Planet of the Apes - the series - featured the continuing adventures of human astronauts Alan Virdon (Ron Harper) and Pete Burke (Jim Naughton), in the far-flung year of 3085 (starting March 21, 3085, if we're to believe the spaceship chronometer...) on a world run by intelligent, talking simians.
In "Escape from Tomorrow," the introductory episode written by Art Wallace and directed by Don Weis, we begin with an old man (in a bad wig) being pursued by a child chimpanzee and his pet dog in a rural setting.
My first thought watching this sequence was that it was a canon violation (alert! alert!), since Conquest of the Planet of the Apes had established that a space plague had arrived on Earth in the late 20th century and killed off all the cats and dogs. It was the death of "beloved pets," in fact, that led humans to enslave apes...which would then lead to the uprising of the gorillas, chimpanzees and orangutans. This fact seems like something that the producers of the series should have taken care to remember, since it is a lynch pin of apes continuity. On the other hand, this sequence occurs a thousand years after the plague, so I suppose it is possible that "life has found a way," (to quote the Jurassic Park films), and dogs have re-entered the chain of life on Earth.
After the Old Man presents the astronauts with a book of pictures from New York City in the year 2505 (another troublesome continuity point that contradicts the movies...), the astronauts realized that they have returned home indeed. That the planet of the apes...is Earth.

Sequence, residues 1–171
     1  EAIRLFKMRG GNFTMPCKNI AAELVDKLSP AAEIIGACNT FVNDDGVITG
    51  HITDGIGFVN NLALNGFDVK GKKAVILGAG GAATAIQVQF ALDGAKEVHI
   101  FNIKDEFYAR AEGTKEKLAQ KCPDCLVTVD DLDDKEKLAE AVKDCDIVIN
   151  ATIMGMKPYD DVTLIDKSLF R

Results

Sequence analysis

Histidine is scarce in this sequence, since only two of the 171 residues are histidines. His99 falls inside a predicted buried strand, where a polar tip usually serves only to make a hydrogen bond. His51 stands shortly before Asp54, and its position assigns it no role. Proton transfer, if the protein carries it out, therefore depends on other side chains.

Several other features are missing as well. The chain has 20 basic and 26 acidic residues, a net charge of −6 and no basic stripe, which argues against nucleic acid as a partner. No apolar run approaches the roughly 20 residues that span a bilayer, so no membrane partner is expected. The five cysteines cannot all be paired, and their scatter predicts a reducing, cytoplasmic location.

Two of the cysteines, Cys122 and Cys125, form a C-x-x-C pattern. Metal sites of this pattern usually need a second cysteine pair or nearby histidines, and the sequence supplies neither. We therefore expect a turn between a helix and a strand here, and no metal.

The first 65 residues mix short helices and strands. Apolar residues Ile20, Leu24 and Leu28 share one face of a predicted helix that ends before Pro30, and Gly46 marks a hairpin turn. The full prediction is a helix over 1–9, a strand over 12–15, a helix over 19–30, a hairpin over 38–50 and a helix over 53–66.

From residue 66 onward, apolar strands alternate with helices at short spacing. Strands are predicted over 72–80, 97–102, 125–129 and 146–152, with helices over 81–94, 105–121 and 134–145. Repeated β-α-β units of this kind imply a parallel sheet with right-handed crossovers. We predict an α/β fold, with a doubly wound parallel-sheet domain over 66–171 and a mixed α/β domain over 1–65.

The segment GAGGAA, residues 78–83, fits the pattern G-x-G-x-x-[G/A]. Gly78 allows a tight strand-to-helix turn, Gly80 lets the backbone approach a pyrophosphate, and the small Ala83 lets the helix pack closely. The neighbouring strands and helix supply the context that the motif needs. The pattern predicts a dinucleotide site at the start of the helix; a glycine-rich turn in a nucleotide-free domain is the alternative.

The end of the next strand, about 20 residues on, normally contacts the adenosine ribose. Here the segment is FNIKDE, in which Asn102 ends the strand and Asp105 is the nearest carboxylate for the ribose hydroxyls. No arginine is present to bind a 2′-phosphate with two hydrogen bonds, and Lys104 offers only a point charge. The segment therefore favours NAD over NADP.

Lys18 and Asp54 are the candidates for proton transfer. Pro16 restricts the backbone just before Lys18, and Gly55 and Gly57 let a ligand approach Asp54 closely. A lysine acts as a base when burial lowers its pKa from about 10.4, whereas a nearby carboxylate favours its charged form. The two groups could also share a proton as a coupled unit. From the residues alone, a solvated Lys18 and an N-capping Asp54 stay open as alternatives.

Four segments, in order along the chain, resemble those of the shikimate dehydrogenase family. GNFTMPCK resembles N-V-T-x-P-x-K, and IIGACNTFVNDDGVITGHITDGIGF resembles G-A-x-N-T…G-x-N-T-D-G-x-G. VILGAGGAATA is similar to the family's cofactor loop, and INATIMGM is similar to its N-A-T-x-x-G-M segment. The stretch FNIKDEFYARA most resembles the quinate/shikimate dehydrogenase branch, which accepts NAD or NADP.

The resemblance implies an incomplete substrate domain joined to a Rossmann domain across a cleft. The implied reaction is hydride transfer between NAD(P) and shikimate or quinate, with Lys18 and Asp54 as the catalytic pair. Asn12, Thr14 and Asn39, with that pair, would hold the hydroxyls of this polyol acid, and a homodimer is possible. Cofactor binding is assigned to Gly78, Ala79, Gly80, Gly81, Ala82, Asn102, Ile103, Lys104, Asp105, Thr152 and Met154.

"Another ship, Zaius," states Urko, "it's hard to believe." One can imagine that had the series lasted, viewers would have heard much more about these other astronauts and their (apparently-not-very-pleasant...) adventures on the planet of the apes. If that had been the case, the series would have been all the stronger for it.
And yet, I remember this series with tremendous fondness and affection because it had a great deal of value in terms of depicting a society separated by class and race. By putting white humans in the inferior position, the series makes quite a few trenchant points. Ultimately, that's the purpose of good science fiction....to comment on society, and here the set-up is nearly Swiftian. On top of these elements, the series features good actors and a modestly well-drawn future world, thanks in part to the costumes left over from the feature films and the occasional use of stock footage (for Ape City exteriors, for instance).